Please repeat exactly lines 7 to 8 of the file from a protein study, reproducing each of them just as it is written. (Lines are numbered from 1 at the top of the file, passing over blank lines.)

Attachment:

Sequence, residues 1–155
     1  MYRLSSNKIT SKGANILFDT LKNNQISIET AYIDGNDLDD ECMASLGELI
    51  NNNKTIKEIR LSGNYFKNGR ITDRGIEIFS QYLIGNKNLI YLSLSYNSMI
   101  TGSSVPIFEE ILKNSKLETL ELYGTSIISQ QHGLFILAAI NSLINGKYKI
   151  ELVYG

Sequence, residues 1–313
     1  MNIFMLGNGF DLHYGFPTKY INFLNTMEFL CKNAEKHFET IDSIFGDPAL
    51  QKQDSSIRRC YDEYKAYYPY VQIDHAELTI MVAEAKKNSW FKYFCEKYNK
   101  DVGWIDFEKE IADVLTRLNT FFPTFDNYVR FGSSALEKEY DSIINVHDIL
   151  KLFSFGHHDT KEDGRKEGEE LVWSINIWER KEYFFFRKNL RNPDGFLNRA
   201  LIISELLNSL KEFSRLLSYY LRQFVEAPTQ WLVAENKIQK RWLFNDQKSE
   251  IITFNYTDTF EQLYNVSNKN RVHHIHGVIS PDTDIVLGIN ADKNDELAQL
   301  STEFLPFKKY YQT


     1  MNIFMLGNGF DLHYGFPTKY INFLNTMEFL CKNAEKHFET IDSIFGDPAL
    51  QKQDSSIRRC YDEYKAYYPY VQIDHAELTI MVAEAKKNSW FKYFCEKYNK